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8 Vitamin Blunders That Can Sabotage Your Health

By    |   Friday, 20 February 2015 03:46 PM

Americans love their vitamins. About half of us take some form of multivitamin or supplement every day, according to industry experts.
But there is a right way and a wrong way to take supplements – and your health may depend on knowing the difference, according to top doctors and nutritionists interviewed by Newsmax Health.
“In an ideal world where everyone eats a healthy and balanced diet, supplements would not be needed,” notes Walter Gaman, M.D., physician and author of “Stay Young: 10 Proven Steps to Ultimate Health.”
“But we do not live in such a world and at any age, taking vitamins as an insurance policy can be very helpful.”
Dr. Gaman points out that supplements can potentially not only keep us healthier, but help us live longer, look better and give us more energy. But he warns that supplements are not benign – some can even be toxic if used incorrectly.
Here are common mistakes people make when trying to improve their health with supplements:
Not reading labels. Skip Lenz, a compound pharmacist California, says that the vast majority of people do not read supplement labels and end up taking supplements incorrectly. The most common result is digestive disorders. “If the label says to take the pills with food, do so,” he notes. “Drink lots of water to help release the nutrients into the blood stream.” Also, be sure you’re taking the supplement as indicated for maximum benefit. For example, B12 vitamins are better absorbed sublingually, dissolving under the tongue, rather than swallowed.
Storing the supplements in the refrigerator.  The high humidity of most refrigerators changes the potency and chemical structure, says Lenz, causing supplements to quickly go bad. “The B vitamins in particular begin to discolor and smell,” he notes.  The best place to store vitamins and minerals is in a dark, cool, dry place. Bedroom closets can be ideal. Bathrooms, kitchens, and laundry rooms are not good choices because they are often hot and steamy. Also, keep the cotton inside the bottle. It helps keep moisture at bay.
Ignoring expiration dates. Julian Whitaker, M.D., founder of the renowned Whitaker Wellness Institute in Newport Beach, Calif., notes that the Food and Drug Administration does not regulate supplements and therefore does not require manufacturers to print expiration dates. Without them, however, there is no guarantee of freshness and potency. Reputable and trusted manufacturers list expiration dates on their labels anyway. Throw away those ancient supplement bottles!
Thinking calcium is all you need for strong bones. Dr. Whitaker says that calcium needs both vitamin D and magnesium to be properly absorbed. Select a product that contains all three supplements in one pill.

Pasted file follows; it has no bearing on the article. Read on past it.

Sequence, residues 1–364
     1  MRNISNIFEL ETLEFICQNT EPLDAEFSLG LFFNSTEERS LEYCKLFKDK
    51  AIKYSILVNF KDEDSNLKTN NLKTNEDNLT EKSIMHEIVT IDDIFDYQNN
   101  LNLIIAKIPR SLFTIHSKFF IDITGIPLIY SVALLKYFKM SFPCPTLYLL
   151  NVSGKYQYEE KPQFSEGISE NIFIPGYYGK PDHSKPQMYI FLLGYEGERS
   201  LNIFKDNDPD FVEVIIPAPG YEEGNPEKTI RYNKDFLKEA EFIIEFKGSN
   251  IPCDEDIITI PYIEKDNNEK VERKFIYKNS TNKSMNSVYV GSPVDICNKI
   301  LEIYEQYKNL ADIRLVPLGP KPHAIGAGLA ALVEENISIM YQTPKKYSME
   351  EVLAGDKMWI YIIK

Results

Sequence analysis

Ignoring Vitamin D. There is widespread evidence that many of us are lacking vitamin D, which is essential for boosting he immune system, says Dr. Gaman. Without adequate vitamin D, we are at increased risk for prostate, breast, and colon cancers. Jason Theodosakis, M.D., author of “The Arthritis Cure” and a pioneer in vitamin D research, adds that the form known as vitamin D3 is 87 percent more effective than other forms, according to a recent study. He urges everyone to have a blood test to determine their vitamin D levels.
Thinking more expensive brands are better. Your best bet is to buy from retail outlets or online companies that are reputable. If you want assurance that a supplement has quality ingredients and high production standards, look for those marked GMP, meaning they were produced using “Good Manufacturing Practices.”
Believing celebrity endorsements. Dr. Theodosakis warns that just because a product works for a TV star, it may not work for you. “Everyone is an individual and it’s more important to place credibility on a scientist or physician who has evaluated the research,” he says.
Ignoring drug interactions. Ellen Kamhi, author of “The Natural Medicine Chest,” says that if you are taking a blood thinner such as Coumadin, adding herbs such as ginger or ginkgo biloba may put you at risk for bleeding problems. Vitamins E and K also can interfere with blood-thinning medications.
The full version of this article appeared in Health Radar newsletter. To read more, click here.

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About half of all Americans take some form of multivitamin. But there is a right way and a wrong way to take supplements - and your health may depend on knowing the difference, according to top doctors and nutritionists.
vitamin, blunders, risk, multi, supplement
Friday, 20 February 2015 03:46 PM
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